Diabetes and Omega-3
When it comes to diabetes and omega-3s, the two do and do not get along together really well. It is like a fifty-fifty situation. The inference contained in this article is “better be safe than sorry.” Because of the conflicting shreds of evidence regarding the use of omega 3 fatty acids in Diabetes, it is better to consult your doctor before considering to supplementing omega-3s or fish oils in your diet if you are a diabetic.
Omega-3 Fatty acids
First, let us look at what exactly are omega-3s. Omega-3 Fatty acids are long-chain polyunsaturated, essential fatty acids (i.e. You have to obtain them from your diet, owing to the fact that they are not synthesized in your body). The two crucial omega-3 Fatty acids include EPA and DHA.
Vital Sources of Omega-3
Fish oils and krill oil offer the most abundant supply of omega 3s. Krill are small crustaceans. Other sources of omega 3s (ALA) are nuts like walnuts and flaxseeds.
Are Omega-3s Good or Bad for Diabetes? Factors which Oppose the Use of Omega-3s in Diabetes
The consumption of these fatty acids in Diabetes is controversial, where they have shown to increase, rather than decrease the blood glucose levels when consumed in excessive amounts, particularly in patients with type 1 insulin-dependent Diabetes (6). The Mayo Clinic reports similar results concerning omega-3 use in diabetes. Furthermore, the omega-3s have shown a tendency to raise the LDL-C (the cholesterol content within the LDL i.e. bad cholesterol particles) levels.
Factors which Favor the Use of Omega-3s in Diabetes
Nonetheless, a few other types of researches show beneficial effects of omega-3s in Diabetes.
1) Since the diabetics have high triglyceride and low HDL levels, and the risk of coronary heart disease in Diabetes is considerably greater than in the general population (three-to fourfold). The omega-3s are not only significant in lowering the blood triglyceride and raising theHDL levels, and thereby preventing cardiovascular diseases like angina and heart attacks (by inhibiting platelet aggregation and the plaque accumulation). On top of that, they also reduce the apolipoproteins (the markers of diabetes).
2) A by-product of omega-3s, namely protectin DX triggers the release of a cytokine called IL-6, which in turn diminishes the glucose production by the liver, thereby, lowering the blood glucose levels.
3) Given that Diabetes also augments the atherosclerosis-related inflammation (5) and omega-3s serve as powerful anti-inflammatory substances, this fact also somehow supports the use of omega-3s in diabetes.
4) Excerpts from a study showed no significant harmful effects of omega-3s in patients with type 2 diabetes (7).
So how can Diabetics Acquire the Beneficial Effects of Omega-3s without incurring more Harm?
Against all this background, the utilization of omega-3s in diabetes should be considered vigilantly. As claimed by the FDA, doses up to 3 grams/day of n-3 PUFatty acids (polyunsaturated fatty acids) are safe in diabetes, provided the patient does not have an already raised LDL cholesterol level. If considering a dietary supplement, FDA recommends using no more than 2 grams/day of ω-3 fatty acids. It is sufficient to consume a moderate quantity. Aim for a minimum of 250 mg to a max of 2,000 grams and you will be good to go! If you have high triglycerides and low HDL, omega-3s are your best buddy. However, always be wary that high doses apart from deteriorating the blood glucose and LDL levels might also lead to other health concerns like mercury and vitamin A toxicity.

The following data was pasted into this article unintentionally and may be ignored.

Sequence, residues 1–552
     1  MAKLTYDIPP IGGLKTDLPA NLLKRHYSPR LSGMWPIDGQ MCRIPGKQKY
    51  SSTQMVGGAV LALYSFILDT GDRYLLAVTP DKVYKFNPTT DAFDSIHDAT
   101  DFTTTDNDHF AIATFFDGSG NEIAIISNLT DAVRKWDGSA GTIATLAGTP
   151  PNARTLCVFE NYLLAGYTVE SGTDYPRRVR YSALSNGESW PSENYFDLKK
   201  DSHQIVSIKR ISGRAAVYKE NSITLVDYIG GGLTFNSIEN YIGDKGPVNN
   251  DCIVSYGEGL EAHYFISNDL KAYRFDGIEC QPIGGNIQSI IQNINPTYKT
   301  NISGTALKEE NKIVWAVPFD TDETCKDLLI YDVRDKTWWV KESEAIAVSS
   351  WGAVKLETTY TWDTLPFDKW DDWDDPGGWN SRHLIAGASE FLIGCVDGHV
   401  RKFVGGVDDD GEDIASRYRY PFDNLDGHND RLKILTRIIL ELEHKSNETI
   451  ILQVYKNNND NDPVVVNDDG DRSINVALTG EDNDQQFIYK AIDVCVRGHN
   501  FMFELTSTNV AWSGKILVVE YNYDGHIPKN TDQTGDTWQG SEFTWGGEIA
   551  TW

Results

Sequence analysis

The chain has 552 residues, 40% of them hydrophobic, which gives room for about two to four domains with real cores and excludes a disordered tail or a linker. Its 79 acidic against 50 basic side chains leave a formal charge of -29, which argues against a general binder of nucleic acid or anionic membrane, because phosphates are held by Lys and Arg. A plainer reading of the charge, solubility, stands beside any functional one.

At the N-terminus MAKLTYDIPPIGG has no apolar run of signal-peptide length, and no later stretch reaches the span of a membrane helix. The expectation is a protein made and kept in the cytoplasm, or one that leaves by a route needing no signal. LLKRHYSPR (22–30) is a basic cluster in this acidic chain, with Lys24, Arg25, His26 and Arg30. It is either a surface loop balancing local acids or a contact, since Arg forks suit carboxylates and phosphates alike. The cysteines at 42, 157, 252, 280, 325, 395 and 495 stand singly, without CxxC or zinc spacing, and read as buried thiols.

What do the Omega-3s specifically do?
Well, it turns out that our cell membranes made up of two lipid layers (lipid=fat), called phospholipid bilayer membrane makes it easier for these EPA and DHA to incorporate into this lipid bilayer.
The omega-3s not only have potent anti-inflammatory effects (as mentioned below), yet they also tell another group of omega fatty acids, called omega-6 to “get out of their way” in order to gain entrance into the cell membrane. There is a culprit in the omega-6 group, called arachidonic acid (AA). This AA serves as a smoking gun behind all types of inflammation and atherosclerosis (a process typified by the build-up of fatty plaques within the arterial walls and hardening of the arteries).
When activated, AA stimulates two metabolic pathways, called cycloxygenase and lipoxygenase pathways. These enzyme pathways contribute to the production of even more destructive inflammatory mediators, called prostaglandins, leukotrienes, and thromboxane (some of these like thromboxane A2 also predispose to platelet aggregation and atherosclerosis). Aggregation or clumping of blood cells called platelets predisposes to the formation of the blood clot that is a major precursor to atherosclerosis, angina, MI, and stroke.
As is obvious from the above description, the omega-3s acquired from the diet displace the omega-6 family, including AA, via competing with it and kicking it off, and therefore, they possess a strong potential to inhibit the inflammation, platelet aggregation and subsequent atherosclerosis.
What’s more, the omega-3s also accelerate the membrane fluidity, thereby allowing cells to communicate with each other more efficiently and easing the entry of other substances through the cell membrane into the cell.
1) PubMed.gov (US National Library of Medicine)
4) Jama.JAMAnetwork.com/article.aspx?articleid=188459: The Journal of The American Medical Association